Child sexual abuse expert who worked in Rotherham is keen to tackle issues in Norfolk
PUBLISHED: 17:04 27 September 2017 | UPDATED: 17:21 27 September 2017
An expert in child sexual abuse has claimed Norfolk has “a lot of issues” with abuse by peers and siblings.
But the clinical psychologist - who set up a community-based therapeutic services in Rotherham, South Yorkshire and now works for our region’s mental health trust - said the county was also one of the first areas to highlight harmful sexual behaviour as a priority.
Dr Romana Farooq yesterday (Tuesday) received a prestigious award for her work in Rotherham, where a shocking history of abuse was uncovered in 2014.
Dubbed the “biggest child protection scandal in UK history”, more than 1,400 children were subjected to appalling sexual exploitation in Rotherham between 1997 and 2013.
Children as young as 11 were raped by multiple perpetrators, abducted, trafficked to other cities in England, beaten and intimidate.
After the abuse was uncovered, Dr Farooq set up a community-based therapeutic service for children and young people at risk of, or subject to, sexual exploitation.
And she was nominated for an early career award from the British Psychological Society’s (BPS) division of clinical psychology’s faculty for children, young people and their families by a local councillor.
The award is presented to clinical psychologists who have shown significant skill within five years of qualifying. And Dr Farooq was handed the prize at the BPS annual conference yesterday.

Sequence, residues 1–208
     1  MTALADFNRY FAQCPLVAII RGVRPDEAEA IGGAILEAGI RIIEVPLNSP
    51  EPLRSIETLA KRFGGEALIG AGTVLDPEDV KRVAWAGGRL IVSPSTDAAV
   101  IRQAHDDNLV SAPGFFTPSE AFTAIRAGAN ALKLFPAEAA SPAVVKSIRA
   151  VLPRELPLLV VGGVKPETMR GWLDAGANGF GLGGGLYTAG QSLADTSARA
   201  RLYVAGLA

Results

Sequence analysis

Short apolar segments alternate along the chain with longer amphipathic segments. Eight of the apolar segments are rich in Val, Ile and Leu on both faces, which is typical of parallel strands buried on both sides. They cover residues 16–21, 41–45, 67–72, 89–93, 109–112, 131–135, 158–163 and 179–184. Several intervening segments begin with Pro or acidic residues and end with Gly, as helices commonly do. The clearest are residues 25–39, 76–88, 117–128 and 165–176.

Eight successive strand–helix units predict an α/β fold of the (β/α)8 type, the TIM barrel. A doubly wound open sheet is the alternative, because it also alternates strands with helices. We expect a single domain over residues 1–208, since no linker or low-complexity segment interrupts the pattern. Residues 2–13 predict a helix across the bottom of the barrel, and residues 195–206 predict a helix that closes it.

Now a specialist clinical psychologist with the Norfolk and Suffolk NHS Foundation Trust (NSFT), Dr Farooq leads NSFT’s input into Norfolk’s harmful sexual behaviour team, which is a partnership with Norfolk youth offending team.
This service provides professionals who work with children and young people with specialist training to identify the signs of sexualised behaviour with the overall aim of reducing offending and protecting vulnerable young people.
Dr Farooq said: “It is great to be recognised by the BPS, especially so early on in my career, but I genuinely feel the work I did would not have been possible without the commitment of the children, young people, their families and the community in Rotherham.
“We recognised traditional services were not accessible to the most vulnerable, particularly those from ethnically diverse communities. As a result, we brought together ideas from community psychology and detached youth work to engage vulnerable children and young people where they were at, which sometimes meant meeting them on street corners and parks, which helped us to engage with them much more successfully. The fact that the BPS has recognised this work is really gratifying as it shows there is a new focus on tackling child sexual exploitation.
“I decided to move to Norfolk because it is one of the first areas to highlight harmful sexual behaviour as a priority. There are a lot of issues around peer-on-peer exploitation and sibling-on-sibling abuse in the county, but there is also a real desire to tackle those issues. I was really keen to be part of that and help make a difference to these highly vulnerable young people.”